MOORHEAD — The family of a Moorhead girl who drowned during a youth outing at a state park plans to file a wrongful death lawsuit against the city of Moorhead, the Moorhead Police Department and the Minnesota Department of Natural Resources, the family's attorney said Tuesday, Aug. 20.
Grace Bettie, 9, was taking part in a Moorhead police summer youth program with nearly 180 other children when she drowned in a crowded swimming pond at Buffalo River State Park near Glyndon, Minn., on June 27, 2018.
William Lubov, a Golden Valley, Minn., attorney, retained by the girl’s family last August, told The Forum the three parties were to be notified of the suit Tuesday and that as soon as he receives “proof of service” from the three defendants, the lawsuit will be filed in Clay County District Court.
A Minnesota DNR spokesperson said Tuesday that the agency had not yet received notice of the lawsuit. A Moorhead police spokesperson referred questions to City Hall.
Speaking on behalf of the city, Darin Richardson of the League of Minnesota Cities Insurance Trust said the city was served with the lawsuit papers late Tuesday afternoon.
"We’ll be defending and protecting the interests of the city of Moorhead," said Richardson, a claims manager with the self-insured membership cooperative. He said the city and its police department will be considered as one defendant in the lawsuit.
Richardson said the victim's family previously made a claim against the city over the girl's death. He said he recently notified Lubov that they felt there was no negligence on the city's part.
"Subsequently, they filed a lawsuit against us and the state of Minnesota," Richardson said.
The girl’s drowning shook the community and attendees at the swimming pond that day.
“I felt like an accident was waiting to happen and then it did,” Broadbent said at the time.
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She and another witness also said after it became clear Bettie was missing, park rangers searched nearby trails first before lifeguards went into the water.
It was the fourth drowning in the swimming hole since 1996, according to Forum archives. Two near drownings also occurred there during that period.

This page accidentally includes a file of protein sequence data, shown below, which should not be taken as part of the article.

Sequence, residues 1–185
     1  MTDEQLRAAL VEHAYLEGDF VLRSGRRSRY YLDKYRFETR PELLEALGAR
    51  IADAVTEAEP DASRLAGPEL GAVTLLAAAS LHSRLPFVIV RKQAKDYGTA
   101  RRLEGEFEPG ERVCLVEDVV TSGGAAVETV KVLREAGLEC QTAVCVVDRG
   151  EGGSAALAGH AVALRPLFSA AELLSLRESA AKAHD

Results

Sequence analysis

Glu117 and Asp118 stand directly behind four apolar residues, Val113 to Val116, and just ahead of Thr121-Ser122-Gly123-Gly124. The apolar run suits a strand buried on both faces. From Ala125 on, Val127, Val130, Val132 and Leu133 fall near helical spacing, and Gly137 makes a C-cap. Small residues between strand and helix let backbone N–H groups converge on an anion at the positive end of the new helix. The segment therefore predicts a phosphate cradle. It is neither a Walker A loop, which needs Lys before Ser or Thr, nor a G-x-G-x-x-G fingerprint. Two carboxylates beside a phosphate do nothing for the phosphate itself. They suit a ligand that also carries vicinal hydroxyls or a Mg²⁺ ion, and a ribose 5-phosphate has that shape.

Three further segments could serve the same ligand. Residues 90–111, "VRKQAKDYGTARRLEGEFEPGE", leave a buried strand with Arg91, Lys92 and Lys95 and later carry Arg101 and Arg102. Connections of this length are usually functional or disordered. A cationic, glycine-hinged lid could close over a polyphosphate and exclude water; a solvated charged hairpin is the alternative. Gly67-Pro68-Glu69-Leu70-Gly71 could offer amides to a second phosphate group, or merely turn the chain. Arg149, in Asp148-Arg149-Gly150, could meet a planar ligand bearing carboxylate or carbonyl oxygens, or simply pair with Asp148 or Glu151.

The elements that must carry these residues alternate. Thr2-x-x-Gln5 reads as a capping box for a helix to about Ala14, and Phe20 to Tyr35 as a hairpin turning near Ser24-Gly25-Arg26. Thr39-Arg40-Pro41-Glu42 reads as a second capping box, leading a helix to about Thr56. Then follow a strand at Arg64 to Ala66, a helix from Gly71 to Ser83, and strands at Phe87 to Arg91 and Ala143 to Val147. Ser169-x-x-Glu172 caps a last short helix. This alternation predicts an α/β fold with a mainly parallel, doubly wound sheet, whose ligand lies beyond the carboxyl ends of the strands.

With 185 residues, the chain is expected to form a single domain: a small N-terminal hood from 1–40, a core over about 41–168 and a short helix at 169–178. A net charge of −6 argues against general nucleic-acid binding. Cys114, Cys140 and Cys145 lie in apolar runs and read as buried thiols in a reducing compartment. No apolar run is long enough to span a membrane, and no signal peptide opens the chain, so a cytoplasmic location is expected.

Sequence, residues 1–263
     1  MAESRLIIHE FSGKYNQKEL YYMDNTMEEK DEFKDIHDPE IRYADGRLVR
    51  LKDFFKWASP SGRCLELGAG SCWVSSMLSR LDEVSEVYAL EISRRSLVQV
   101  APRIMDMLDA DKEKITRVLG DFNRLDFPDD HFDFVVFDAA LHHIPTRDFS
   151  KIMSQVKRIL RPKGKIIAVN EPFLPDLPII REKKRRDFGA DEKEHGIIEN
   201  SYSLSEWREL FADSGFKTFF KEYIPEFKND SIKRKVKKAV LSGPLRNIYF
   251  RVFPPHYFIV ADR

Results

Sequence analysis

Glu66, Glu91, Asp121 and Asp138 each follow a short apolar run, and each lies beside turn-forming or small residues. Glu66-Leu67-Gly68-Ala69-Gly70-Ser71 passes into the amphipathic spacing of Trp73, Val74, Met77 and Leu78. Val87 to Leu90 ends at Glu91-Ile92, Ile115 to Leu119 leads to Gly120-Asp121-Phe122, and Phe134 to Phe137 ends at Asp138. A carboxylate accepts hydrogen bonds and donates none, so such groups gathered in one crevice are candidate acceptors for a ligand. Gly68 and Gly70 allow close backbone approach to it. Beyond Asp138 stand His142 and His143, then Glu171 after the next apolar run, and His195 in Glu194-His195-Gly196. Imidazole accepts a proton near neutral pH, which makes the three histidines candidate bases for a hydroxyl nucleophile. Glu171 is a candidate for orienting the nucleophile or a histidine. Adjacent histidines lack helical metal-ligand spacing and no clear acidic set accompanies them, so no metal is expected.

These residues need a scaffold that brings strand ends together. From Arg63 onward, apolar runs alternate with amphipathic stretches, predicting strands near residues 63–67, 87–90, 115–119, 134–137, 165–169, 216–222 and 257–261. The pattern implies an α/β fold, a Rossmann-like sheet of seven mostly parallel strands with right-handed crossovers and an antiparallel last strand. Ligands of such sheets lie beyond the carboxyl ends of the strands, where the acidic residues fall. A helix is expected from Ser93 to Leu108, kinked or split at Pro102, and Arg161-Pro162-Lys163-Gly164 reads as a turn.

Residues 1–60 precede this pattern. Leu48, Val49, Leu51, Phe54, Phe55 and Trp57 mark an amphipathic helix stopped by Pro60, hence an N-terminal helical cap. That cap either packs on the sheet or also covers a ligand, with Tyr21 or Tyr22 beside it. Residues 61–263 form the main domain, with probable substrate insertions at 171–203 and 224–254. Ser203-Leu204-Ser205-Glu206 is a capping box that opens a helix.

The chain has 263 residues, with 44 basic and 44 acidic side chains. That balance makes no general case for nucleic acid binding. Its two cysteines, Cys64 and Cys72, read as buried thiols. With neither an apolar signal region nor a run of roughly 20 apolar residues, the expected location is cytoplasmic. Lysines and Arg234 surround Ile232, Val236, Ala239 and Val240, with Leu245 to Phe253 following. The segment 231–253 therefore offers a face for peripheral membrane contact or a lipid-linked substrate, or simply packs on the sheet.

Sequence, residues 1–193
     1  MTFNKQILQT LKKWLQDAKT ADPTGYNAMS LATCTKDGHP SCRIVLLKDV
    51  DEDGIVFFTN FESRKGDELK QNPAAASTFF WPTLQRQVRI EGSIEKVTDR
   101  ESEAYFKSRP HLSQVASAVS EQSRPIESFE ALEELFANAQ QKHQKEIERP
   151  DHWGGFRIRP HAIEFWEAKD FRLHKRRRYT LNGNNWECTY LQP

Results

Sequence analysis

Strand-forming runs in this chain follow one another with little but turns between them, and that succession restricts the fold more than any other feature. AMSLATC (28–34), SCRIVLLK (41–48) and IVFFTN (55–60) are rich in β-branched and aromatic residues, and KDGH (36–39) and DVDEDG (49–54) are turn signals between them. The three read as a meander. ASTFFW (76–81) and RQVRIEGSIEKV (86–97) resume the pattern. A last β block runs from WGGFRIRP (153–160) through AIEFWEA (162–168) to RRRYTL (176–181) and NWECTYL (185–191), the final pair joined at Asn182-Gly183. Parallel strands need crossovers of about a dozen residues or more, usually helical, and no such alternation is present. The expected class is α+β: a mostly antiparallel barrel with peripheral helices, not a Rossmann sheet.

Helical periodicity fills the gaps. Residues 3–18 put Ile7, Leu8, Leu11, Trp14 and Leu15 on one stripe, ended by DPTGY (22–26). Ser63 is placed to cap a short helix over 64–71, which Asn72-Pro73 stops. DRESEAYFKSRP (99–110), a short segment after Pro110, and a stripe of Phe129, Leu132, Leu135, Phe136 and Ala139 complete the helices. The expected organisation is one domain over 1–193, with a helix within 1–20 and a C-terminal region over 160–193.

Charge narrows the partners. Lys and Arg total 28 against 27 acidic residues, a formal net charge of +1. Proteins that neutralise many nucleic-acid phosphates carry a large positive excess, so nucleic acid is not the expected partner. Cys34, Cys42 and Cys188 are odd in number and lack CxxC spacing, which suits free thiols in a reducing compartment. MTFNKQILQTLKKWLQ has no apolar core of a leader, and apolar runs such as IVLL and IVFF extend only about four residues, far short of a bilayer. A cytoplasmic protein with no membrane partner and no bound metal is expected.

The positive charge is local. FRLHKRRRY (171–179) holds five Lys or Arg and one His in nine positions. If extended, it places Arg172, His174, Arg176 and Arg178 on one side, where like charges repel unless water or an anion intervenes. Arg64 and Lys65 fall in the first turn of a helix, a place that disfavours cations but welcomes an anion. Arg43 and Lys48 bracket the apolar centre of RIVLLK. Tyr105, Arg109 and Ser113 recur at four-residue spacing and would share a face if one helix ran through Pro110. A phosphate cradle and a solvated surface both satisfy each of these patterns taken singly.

On Oct. 1, 2018, after an investigation, prosecutors announced that no criminal charges would be filed in connection with the drowning. The Otter Tail County Attorney’s Office reviewed the investigation report and made the decision on whether to file charges, due to a potential conflict of interest in Clay County.
The memo declining charges and a 60-page report were released as a result of a public records request by The Forum.
The youth outing involved 178 children and 37 adult mentors that day. Also, three lifeguards were on duty and at least three other park employees were on hand when the drowning occurred, the memo said.
In declining criminal charges, the memo stated that while some witnesses said there was a lack of supervision that day, other witnesses said adult mentors “were monitoring the children from the water, as well as from picnic tables and the beach area.”
The memo stated that based on the circumstances, prosecutors do “not believe criminal charges are warranted,” nor is there an “identifiable individual that could be held responsible via criminal charges.”
Just days after that announcement, a DNR administrator said the agency couldn’t discuss the drowning because of a pending civil claim against the state.
Philip Leversedge, deputy director of the DNR’s Division of Parks and Trails, did say that the drowning prompted a review of the park’s swimming pond policies. That review determined no policy changes were necessary, adding that the park “does its best” to provide adequate lifeguards at the pond but also relies on adults to supervise children, Leversedge said.
The pond did not open for the 2019 season, citing an inability to hire enough lifeguards. The park needed to hire a minimum of six lifeguards, but was only able to hire two, a spokesperson said.